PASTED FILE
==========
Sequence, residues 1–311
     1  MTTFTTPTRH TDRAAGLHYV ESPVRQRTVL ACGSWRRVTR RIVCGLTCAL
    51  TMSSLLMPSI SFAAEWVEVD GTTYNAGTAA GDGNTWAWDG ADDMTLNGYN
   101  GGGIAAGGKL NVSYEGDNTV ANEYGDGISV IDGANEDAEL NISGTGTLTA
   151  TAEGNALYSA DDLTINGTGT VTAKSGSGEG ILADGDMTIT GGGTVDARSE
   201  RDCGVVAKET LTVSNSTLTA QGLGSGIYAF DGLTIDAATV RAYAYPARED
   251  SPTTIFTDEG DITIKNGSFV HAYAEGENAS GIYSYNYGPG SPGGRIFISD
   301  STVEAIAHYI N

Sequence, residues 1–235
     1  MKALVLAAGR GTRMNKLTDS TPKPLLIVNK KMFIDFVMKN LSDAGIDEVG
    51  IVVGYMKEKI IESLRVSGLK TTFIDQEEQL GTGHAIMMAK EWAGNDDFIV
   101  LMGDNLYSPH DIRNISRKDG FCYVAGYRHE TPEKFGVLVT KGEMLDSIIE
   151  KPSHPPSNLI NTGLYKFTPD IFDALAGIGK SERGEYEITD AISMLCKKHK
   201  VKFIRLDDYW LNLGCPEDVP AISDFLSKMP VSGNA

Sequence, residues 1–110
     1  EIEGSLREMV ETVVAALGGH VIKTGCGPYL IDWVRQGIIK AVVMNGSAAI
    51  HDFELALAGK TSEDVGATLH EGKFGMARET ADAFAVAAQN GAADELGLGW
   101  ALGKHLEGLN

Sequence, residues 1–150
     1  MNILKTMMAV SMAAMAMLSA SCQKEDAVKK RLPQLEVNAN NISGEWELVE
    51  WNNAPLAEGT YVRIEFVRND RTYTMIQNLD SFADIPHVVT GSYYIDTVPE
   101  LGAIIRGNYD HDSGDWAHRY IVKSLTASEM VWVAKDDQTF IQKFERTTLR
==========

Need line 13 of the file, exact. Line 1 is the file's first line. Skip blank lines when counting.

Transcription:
   151  KPSHPPSNLI NTGLYKFTPD IFDALAGIGK SERGEYEITD AISMLCKKHK